Regional Reviews: Phoenix
The musical is based on the animated feature, the live action 1956 film, and the legend of whether the young Grand Duchess Anastasia Nikolaevna of Russia was actually executed, along with her family, or if she somehow miraculously survived. The stage musical's plot introduces us to Anya, the young woman who can't remember anything about her past. She finds herself the center of a scheme by two con men she encounters, the young and charming Dmitry, who we learn had a brief encounter with the real Anastasia when they were children, and the scheming but lovable Vlad. They plan to leverage her resemblance to Anastasia, while educating her on the facts of Anastasia's family, to get the reward money from Anastasia's grandmother, the Dowager Empress, who has all but given up hope that her long-lost granddaughter survived. Tension and uncertainty comes in the form of General Gleb Vaganov, whose father was involved in the execution of Anastasia's family and who is given orders to follow Anya and kill her if she is indeed the real Anastasia.
The book, music and lyrics for the stage adaptation are from the three individuals who worked on Ragtime and, while the final result is not as successful as that Tony winning show, it still has many catchy songs, intriguing moments and characters, and a swiftly moving plot full of hope. Terrence McNally's book sticks to realism and wisely eliminates the mystical elements of the animated film and its cartoony villain Rasputin, although some of the coincidences in the plot come off as slightly contrived. Lynn Ahrens (lyrics) and Stephen Flaherty (music) wrote a half dozen songs for the animated film and added more than a dozen more songs for the stage version, including ballads that flesh out the characters, comical duets, and love songs. Even though very few of the new songs are on par with the film's Oscar-nominated "Journey to the Past," they are all well written and move the plot along or add to the character development. However, there are a few abrupt shifts in tone, particularly the comic moments in the secondary plot that stop the momentum of Anya discovering out the truth about her past, and some reprises of songs that pad the show a bit. Also, while the musical is much darker than the 1997 film, it's more realistic in both showing the impact of the tragedy of the Romanov murders and depicting the political tensions of the period.
The creative aspects are all carried over from the Broadway production and the previous Equity tour of the show. Darko Tresnjak's original direction (re-created for the tour by Sarah Hartmann) makes great use of Alexander Dodge's scenic design and Aaron Rhyne's impressive, three-dimensional, absorbing projections to keep the show moving along at a brisk pace with the stunning backdrops creating cinematic transitions that make scene changes virtually instantaneous while also helping balance out, somewhat, the occasional and sudden shifts in tone. Linda Cho's costumes are gorgeous and the lighting design by Donald Holder also adds nice touches and transitions. The choreography by Peggy Hickey (re-created for the tour by Bill Burns) delivers effective ensemble numbers as well as a brief snippet from Swan Lake.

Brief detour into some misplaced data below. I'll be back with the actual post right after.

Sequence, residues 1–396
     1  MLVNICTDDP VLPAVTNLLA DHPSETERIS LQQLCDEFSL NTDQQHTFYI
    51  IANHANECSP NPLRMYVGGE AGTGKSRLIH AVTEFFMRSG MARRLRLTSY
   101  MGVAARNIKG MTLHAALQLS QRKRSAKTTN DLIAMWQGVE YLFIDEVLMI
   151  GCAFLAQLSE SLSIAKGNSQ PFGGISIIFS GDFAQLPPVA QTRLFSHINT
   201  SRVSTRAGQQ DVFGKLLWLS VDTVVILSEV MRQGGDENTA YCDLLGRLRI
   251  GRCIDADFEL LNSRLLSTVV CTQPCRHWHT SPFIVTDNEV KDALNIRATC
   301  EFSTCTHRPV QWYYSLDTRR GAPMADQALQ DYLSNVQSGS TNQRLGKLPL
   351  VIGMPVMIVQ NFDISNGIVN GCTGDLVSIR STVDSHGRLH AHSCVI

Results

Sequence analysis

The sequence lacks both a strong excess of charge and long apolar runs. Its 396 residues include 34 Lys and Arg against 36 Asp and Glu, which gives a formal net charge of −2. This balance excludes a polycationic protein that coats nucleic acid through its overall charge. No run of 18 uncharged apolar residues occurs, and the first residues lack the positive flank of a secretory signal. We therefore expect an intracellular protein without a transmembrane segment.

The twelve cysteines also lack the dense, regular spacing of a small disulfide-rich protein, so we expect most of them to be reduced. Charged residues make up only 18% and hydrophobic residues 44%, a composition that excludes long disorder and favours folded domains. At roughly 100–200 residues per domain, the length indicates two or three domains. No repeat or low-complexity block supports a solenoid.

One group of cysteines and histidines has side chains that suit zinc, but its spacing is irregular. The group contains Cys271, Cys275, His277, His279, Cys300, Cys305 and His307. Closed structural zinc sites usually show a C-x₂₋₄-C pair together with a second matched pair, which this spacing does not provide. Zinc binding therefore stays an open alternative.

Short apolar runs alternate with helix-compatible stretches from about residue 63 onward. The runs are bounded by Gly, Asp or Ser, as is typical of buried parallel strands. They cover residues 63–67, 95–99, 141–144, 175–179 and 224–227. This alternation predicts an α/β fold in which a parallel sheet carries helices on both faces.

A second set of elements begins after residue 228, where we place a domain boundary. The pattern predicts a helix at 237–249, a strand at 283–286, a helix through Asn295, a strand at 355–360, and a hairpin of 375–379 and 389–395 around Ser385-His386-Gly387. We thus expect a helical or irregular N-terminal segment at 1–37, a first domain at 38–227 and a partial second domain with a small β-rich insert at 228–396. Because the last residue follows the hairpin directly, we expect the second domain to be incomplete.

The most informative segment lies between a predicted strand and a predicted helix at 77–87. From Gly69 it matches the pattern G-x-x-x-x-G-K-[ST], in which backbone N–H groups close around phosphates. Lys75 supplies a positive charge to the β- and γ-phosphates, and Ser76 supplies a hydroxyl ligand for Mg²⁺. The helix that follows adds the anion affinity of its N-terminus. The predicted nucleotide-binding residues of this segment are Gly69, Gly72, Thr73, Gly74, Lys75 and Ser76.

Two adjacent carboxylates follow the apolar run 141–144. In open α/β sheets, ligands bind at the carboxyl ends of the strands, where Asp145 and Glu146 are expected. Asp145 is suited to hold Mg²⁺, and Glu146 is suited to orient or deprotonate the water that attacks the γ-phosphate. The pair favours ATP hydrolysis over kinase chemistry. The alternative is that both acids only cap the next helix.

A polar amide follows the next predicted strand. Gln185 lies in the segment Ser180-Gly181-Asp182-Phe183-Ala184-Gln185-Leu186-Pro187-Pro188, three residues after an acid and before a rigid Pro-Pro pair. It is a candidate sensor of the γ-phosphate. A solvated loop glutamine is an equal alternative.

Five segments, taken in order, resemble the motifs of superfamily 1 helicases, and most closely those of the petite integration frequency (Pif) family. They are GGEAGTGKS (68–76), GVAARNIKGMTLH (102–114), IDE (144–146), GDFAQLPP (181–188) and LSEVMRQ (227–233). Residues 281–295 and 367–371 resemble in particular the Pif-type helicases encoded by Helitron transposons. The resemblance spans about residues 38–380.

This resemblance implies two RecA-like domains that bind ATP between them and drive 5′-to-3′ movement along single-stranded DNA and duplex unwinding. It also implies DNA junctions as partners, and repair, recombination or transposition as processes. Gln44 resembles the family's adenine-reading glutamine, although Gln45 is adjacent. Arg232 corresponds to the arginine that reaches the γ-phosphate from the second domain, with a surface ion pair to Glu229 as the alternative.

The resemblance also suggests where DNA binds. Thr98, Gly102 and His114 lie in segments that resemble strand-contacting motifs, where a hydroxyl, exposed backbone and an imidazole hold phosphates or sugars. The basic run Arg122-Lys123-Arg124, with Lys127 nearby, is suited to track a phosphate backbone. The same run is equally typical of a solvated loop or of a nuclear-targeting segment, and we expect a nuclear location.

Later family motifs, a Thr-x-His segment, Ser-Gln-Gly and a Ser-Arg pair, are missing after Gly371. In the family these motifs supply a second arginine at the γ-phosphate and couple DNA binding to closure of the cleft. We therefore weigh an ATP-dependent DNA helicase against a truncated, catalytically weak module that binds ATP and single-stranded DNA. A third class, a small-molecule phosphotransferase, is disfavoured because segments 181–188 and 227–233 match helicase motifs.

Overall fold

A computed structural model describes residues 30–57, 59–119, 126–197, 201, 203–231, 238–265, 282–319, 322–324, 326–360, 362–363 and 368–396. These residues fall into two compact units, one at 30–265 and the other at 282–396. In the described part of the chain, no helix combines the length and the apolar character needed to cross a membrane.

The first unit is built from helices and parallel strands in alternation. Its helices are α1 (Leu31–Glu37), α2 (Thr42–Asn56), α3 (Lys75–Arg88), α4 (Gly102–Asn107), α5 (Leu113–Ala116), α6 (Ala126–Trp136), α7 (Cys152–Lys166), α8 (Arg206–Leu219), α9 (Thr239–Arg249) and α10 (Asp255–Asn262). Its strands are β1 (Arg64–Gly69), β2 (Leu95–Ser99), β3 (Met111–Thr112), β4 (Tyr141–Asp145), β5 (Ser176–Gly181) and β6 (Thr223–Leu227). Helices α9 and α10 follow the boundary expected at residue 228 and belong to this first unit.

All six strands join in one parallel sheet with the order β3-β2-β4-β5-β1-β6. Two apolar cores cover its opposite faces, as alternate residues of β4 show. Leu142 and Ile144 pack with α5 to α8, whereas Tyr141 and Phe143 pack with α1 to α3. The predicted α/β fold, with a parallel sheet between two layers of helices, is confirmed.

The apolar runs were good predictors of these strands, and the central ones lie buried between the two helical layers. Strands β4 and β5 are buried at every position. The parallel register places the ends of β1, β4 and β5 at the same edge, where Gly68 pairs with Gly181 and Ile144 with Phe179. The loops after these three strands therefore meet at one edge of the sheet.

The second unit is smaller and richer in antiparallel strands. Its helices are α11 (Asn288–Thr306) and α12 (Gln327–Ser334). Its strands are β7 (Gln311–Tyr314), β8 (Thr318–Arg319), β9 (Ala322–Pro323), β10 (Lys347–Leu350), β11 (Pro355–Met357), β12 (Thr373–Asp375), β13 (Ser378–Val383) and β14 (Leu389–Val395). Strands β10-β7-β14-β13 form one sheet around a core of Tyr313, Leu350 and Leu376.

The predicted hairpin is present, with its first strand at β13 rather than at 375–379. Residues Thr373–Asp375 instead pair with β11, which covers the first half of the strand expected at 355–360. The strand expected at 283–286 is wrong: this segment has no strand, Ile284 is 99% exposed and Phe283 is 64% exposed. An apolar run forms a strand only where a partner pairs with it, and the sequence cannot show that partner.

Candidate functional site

The cast is very good. Veronica Stern delivers a touching, layered performance of Anya, a young woman who is strong enough to take care of herself but is also vulnerable, stubborn, and confused due to not knowing who she is or much about her past. Stern's singing voice is warm and lush and she delivers moving performances of "Journey to the Past" and her many other songs.
Willem Butler and Bryan Seastrom make a winning duo as the lovable con men Dmitry and Vlad. While they may first be greedy and self-centered by using Anya to further their scheme to cash in on the reward by passing her off as Anastasia, once they begin to realize Anya may be actual royalty, both characters show trust and honesty. The two actors have rich singing voices and good comic timing, and Butler and Stern create a believable romantic tension.
Gerri Weagraff is appropriately regal, stern and commanding as the Dowager Empress. Christian McQueen is menacing and powerful, yet also conflicted and tormented as Vlad, and his strong, impressive voice adds gravitas to his solos. As the Countess Lily who acts as the Dowager Empress' assistant, Madeline Raube is fun and witty; she and Seastrom deliver a comical highlight with their duet, "The Countess and the Common Man." The members of the ensemble play numerous parts, including members of the royal family and poor Russian peasants and soldiers, with ease. Lauren Teyke delivers am impressive ballet solo in the Swan Lake segment.
Anastasia may have a few unnecessary moments and songs that slow the thrust of the main plot down slightly, but it also has gorgeous creative elements that provide depth, visual pops and a cinematic sweep to the plot. The touring cast embody and bring their characters vibrantly to life, and when combined with the impressive creative aspects and clean direction it results in a crowd pleasing musical that shines a light on this historical rumor and the legend of just what happened to the Grand Duchess Anastasia of Russia.
Anastasia runs through May 7, 2023, at the Orpheum Theatre, 203 W Adams Street, Phoenix AZ. For tickets and information, please visit www.americantheatreguild.com/phoenix/. For information on the tour, visit anastasiathemusical.com/tour/.
Book by Terrence McNally